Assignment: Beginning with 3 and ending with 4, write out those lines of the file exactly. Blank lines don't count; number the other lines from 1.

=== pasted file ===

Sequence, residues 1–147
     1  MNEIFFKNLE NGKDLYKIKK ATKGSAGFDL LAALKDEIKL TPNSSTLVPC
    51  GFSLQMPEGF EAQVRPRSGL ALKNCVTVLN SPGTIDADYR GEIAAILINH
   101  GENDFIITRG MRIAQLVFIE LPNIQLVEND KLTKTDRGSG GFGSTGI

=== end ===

    51  GFSLQMPEGF EAQVRPRSGL ALKNCVTVLN SPGTIDADYR GEIAAILINH
   101  GENDFIITRG MRIAQLVFIE LPNIQLVEND KLTKTDRGSG GFGSTGI